Especially in regard to the well certified fact of the great impact of andro - and etnocentric bias and unhealthy collegial cliquishness on the field of archeology and anthropology as well as history, it probably promotes a more beneficial process for the quality of the outcome to take the path of the self-taught, as did Elin Wägner and so many others in the field of matriarchal studies, wether they did it by free will or were offered no other choice, as for example Heide Göttner- Abendroth when starting up her own International Academy HAGIA, et al.


During her lifetime there was hardly anyone encouraging her for her deep investigations of our prehistoric past though. Quite the contrary so. And therefore she understood how to be tactic, not to rush anything, but to take the very cautious pussy-footing steps of the "First Mother".


Yet the verdict over her infraction into the Sanctuary of Maleness came to be inexorable, as we shall see later.


By the preparations of her investiture speech about her predecessor Hans Larsson of the chair nr 15 in the Swedish Academy, Wägner pursued tight contacts wither her former husband, who was a prominent person among the scholars of his time, and her close friend Fogelklou, who meant that Larsson would be an easy match for Wägner to tackle. That turned out to be wrong, though, as her sympathy for him increased, together with the accruement of his dichotomous view of the light subjecting the darkness, as she, due to her investigations of the matriarchal chtonic goddess veneration, had become aware of the fundaments of the male stream philosophy of the patriarchy, subduing the earlier mothercenterded societies worshipping of the moon and the moisty darkness in earth hollows and caves, by its merciless bright light.  She writes to Landquist: (my transl.)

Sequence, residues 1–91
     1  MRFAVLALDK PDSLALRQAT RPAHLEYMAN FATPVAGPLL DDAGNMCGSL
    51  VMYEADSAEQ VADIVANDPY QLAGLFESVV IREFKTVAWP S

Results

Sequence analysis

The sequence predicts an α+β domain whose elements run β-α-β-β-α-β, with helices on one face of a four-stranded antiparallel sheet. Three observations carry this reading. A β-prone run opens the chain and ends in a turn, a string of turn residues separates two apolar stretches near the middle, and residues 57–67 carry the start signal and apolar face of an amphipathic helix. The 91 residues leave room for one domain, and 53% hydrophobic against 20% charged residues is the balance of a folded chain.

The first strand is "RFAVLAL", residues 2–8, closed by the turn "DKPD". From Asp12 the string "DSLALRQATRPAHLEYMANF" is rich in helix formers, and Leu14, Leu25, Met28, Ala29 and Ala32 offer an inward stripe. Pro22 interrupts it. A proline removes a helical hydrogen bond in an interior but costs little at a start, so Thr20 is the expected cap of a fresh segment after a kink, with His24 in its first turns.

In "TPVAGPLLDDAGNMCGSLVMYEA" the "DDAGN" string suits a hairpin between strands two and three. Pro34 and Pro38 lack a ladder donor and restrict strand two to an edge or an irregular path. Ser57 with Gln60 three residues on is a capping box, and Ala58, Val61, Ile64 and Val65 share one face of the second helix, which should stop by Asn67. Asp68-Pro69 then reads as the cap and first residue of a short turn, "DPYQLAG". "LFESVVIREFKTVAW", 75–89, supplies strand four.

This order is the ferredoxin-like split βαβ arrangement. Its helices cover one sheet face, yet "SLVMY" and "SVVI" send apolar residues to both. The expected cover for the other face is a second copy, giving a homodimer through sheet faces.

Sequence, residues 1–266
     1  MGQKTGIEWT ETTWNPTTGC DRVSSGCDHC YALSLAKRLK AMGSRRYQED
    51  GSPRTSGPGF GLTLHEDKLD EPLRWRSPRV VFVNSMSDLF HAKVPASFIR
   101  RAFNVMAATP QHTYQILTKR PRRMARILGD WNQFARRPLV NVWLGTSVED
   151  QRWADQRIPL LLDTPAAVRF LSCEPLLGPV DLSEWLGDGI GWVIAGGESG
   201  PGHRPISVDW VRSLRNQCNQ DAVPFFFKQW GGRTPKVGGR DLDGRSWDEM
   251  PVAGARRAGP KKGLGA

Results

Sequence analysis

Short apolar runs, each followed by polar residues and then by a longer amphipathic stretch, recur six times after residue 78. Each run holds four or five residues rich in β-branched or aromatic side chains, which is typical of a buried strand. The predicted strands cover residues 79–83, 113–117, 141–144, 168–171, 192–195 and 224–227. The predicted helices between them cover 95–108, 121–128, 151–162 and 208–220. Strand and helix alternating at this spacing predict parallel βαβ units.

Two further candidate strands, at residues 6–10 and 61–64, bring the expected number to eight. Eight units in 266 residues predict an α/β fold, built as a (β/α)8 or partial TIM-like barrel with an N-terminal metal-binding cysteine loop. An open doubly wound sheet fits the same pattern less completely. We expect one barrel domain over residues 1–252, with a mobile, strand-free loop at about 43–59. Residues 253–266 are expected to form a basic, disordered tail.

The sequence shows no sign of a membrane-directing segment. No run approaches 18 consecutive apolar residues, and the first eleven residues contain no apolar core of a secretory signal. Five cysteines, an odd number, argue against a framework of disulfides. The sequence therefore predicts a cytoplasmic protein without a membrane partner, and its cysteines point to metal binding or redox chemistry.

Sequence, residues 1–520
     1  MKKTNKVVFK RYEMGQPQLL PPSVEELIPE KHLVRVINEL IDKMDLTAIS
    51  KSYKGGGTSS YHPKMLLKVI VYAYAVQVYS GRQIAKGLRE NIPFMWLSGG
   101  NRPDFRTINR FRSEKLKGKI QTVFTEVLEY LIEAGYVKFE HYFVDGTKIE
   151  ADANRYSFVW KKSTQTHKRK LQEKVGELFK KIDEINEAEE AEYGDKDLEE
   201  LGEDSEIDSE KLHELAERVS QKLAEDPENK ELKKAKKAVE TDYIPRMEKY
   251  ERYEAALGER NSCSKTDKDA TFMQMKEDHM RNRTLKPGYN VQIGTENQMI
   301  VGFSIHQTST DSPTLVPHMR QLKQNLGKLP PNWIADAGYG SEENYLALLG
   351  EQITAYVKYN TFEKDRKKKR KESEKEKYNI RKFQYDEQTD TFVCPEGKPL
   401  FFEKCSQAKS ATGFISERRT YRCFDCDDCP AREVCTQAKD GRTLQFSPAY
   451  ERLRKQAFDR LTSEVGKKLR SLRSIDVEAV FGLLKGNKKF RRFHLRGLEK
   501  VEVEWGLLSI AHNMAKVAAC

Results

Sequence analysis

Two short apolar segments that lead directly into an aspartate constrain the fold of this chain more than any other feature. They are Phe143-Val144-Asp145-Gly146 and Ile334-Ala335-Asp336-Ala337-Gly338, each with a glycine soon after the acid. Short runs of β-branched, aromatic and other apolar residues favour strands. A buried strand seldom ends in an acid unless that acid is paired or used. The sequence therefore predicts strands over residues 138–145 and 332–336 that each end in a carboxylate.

“That about the antagonism between the light and the darkness, I find really screwy not at least of a convergence philosophy, but I don´t dare to express my critic more clearly, and thus you didn´t understand how much criticism it lies behind it. I think that he is just as prejudiced as the old Greeks were, but hasn´t got the same incentive for that, as he doesn´t have any reason to fear the subdued mother age, or how one might describe the form of culture that preceded their time."


Anyway the reservations to the philosophy of her predecessor Hans Larsson didn´t make her mentioning them in her investiture speech, but remained instead polite and dignified throughout, which rendered her great credit as well as her waiving to flag with her private close connection to the philosophers through her fathers scholarship, as well as to draw on the many student anecdotes told about "Larsson The Wise”, by his friends that she had heard so often

The deep digging in Hans Larssons writings seems though to have stimulated her interest for the epistemological reasoning in his philosophy, which is quite understandable, in the light of her by then well developed consciousness about the fundaments of male stream philosophy and the kind of biased thinking it represented. And she couldn´t resist the temptation of at least coming up with these minor reminders of her own perspectives, presented in her Väckarklocka (Alarm Clock) 1941,  in the end of her speech:


“The realm of research in the Western Philosophy has its limitations backwards in time, at about 500 years before Christ, a short time in Väckarklocka (Alarm Clock)! / whilst its spatial limits frame the European and American continents / a limited area for the one who has read Briffault. / Here we henceforth can find Hans Larsson, wandering with the philosophers as a younger college and respectfully critical friend, contemplating, receptive and sifting."


Elin Wägner is welcomed into the Swedish Academy by professor Ahnlund, the author Per Hallström and the bishop Thor Andrae to the right.